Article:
This is not a new nor invalid thought on the subject.  However, they are playing with fire.  If a, or several, open source and decentralized crypto becomes widely adopted then just how will they rein in control over it?  People will have two choices:

1.  The libertarian option where there is no central control nor tax structure which, at that point, is already widely adopted and operational.

2.  The .gov option where TPTB skim every transaction and then tax you on your profits too.


The choice is going to happen whether you want it to come or not.  Gold will not save you from that.  Pick a side now while you still can.  Keep the gold and silver for insurance.

In reply to by

Endgame Napoleon Ahmeexnal Sun, 02/11/2018 - 11:21 Permalink

Many people get paid at tax time, like the poster on another site who explained that her family was getting $10,000 in child-tax-credit money. That is half of the yearly take-home pay in a $10-per-hour job, like licensed insurance sales or underwriting for most of the standard carriers. The refundable child tax credit  maxed out at $6,444 before doubled by RepubliCON socialists. 

On top of their free EBT groceries and taxpayer-subsidized rent in many cases, why doesn’t the US Treasury Department pay these citizens, legal and illegal immigrants for sex and reproduction with BitCoin?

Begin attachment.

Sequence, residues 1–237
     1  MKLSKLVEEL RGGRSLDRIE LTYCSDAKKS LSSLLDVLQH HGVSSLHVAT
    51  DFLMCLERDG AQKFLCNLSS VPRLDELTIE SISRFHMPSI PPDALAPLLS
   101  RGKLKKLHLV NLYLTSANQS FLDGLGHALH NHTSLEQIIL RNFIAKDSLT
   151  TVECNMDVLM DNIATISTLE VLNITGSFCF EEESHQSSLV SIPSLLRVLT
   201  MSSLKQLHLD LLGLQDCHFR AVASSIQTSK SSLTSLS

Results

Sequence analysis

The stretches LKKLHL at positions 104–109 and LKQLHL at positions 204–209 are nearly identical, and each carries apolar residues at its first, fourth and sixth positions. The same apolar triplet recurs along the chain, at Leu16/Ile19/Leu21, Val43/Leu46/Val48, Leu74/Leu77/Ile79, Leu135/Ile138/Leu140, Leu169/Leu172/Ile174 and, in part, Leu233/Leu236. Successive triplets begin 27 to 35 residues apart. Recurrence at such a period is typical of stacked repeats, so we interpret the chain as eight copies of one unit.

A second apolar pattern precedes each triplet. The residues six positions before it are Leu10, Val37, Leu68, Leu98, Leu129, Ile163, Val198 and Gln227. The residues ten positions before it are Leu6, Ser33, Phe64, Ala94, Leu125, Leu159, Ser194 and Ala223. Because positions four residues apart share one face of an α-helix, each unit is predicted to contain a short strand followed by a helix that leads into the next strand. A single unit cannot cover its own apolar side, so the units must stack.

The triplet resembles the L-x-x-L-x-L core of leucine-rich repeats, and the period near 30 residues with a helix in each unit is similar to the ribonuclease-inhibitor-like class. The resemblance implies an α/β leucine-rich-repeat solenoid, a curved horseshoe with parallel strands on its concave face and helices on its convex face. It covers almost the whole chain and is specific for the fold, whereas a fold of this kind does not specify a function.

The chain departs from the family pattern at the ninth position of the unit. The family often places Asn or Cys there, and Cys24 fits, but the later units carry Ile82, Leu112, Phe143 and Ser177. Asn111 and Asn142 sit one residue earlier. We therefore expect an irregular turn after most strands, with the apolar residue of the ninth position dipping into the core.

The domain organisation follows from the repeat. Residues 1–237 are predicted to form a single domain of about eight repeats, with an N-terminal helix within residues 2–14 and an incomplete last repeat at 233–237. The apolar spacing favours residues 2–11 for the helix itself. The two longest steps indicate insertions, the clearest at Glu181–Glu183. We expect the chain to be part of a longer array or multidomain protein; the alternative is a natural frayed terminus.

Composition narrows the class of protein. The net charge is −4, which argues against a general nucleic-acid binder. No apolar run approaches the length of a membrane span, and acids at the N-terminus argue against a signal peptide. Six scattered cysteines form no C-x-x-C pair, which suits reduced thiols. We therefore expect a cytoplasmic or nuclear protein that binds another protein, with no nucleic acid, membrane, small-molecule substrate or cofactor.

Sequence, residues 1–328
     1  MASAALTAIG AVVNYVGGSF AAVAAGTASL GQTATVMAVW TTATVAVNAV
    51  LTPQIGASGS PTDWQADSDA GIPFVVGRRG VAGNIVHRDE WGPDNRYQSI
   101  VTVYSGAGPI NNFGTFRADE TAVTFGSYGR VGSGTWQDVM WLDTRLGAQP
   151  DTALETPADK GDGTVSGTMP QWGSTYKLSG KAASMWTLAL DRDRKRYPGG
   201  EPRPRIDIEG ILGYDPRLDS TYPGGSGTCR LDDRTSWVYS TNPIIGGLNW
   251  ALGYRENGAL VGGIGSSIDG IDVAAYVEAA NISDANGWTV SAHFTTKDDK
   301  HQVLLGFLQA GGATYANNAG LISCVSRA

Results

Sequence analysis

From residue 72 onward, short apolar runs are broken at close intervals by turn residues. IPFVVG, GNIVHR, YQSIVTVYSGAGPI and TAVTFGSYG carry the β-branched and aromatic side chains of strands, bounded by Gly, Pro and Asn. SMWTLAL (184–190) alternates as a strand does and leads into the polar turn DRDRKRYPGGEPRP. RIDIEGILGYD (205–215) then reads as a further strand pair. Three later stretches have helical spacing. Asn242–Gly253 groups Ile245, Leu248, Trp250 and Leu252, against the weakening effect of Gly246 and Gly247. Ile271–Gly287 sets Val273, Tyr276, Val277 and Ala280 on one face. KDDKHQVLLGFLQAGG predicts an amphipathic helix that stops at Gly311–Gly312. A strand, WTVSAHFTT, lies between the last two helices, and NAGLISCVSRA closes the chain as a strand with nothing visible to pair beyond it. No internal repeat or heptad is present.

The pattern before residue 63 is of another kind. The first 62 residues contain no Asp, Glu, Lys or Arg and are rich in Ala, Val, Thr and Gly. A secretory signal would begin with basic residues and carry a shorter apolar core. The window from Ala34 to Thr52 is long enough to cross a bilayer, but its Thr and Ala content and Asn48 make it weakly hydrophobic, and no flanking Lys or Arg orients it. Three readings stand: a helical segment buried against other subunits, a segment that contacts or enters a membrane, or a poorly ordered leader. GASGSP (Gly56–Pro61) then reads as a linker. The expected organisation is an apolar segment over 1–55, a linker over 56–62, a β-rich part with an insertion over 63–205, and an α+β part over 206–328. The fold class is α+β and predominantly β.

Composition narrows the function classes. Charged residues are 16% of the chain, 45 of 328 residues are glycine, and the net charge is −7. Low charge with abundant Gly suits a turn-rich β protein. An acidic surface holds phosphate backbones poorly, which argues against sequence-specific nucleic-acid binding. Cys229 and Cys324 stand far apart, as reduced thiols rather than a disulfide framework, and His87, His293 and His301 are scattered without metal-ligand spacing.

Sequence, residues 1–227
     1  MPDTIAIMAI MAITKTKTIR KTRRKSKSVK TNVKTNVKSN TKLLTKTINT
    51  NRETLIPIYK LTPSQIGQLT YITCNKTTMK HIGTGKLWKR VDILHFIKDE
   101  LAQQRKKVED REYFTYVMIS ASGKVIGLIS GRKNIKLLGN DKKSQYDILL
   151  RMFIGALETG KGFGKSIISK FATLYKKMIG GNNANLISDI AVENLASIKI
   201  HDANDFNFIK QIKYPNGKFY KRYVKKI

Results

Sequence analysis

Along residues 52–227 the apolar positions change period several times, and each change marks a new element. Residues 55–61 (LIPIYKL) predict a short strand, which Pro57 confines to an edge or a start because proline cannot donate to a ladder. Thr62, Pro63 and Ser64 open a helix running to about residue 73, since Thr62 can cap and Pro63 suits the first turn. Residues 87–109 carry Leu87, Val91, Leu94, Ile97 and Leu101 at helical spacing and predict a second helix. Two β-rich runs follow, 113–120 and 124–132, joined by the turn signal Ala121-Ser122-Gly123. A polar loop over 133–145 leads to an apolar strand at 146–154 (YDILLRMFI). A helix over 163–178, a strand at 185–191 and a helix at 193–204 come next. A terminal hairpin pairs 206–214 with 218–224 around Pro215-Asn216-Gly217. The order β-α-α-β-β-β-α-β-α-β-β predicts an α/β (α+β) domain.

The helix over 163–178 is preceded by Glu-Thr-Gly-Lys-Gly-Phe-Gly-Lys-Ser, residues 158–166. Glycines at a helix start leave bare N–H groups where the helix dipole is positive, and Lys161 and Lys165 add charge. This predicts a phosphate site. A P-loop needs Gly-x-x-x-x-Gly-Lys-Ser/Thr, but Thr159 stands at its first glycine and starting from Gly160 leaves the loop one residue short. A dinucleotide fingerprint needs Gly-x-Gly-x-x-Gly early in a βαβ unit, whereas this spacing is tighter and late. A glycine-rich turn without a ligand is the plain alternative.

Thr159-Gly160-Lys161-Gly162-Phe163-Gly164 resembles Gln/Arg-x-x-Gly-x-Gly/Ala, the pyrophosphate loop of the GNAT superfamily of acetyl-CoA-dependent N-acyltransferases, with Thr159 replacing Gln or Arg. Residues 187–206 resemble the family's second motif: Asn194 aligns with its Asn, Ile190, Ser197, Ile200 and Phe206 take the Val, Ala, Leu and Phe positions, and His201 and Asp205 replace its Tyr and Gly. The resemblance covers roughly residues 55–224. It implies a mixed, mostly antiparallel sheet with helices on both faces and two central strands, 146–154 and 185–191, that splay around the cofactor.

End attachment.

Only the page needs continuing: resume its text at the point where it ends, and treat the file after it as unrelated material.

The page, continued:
It would be harder for the moms to blow the BitCoin on master bedroom furniture, $900 tattoos or beach trips to entertain boyfriends, bragging about it at work to single, childless citizens who must cover all of their bills on earned-only income, with a tax return that only covers a Costco membership.  


In reply to by Ahmeexnal

lester1 Sun, 02/11/2018 - 10:53 Permalink

Only a stupid person would accept Bitcoin as a payment for their business. The wild price fluctuations and plunges makes it nearly impossible to price your goods/services in bitcoin. You would either lose a fortune when the price plunges, or if it goes up you have pissed off customers who feel they have been ripped off and leave your company negative reviews.

Either way businesses and governments will get screwed. Bitcoin is simply too unstable as a currency and payment method. More and more people are waking up to this.. Sorry if I burst your bubble.


tmosley lester1 Sun, 02/11/2018 - 11:46 Permalink

You are an ignoramus. They have less exposure to BTC fluctuation than they do to PM price fluctuation. BTC payments are made within an hour, while they have to wait more than a week for a check to clear before sending the goods.

There are legitimate reasons not to like Bitcoin, but you are so blinded by bias you can't even comprehend them. You just spend your whole life looking like a total idiot.

In reply to by lester1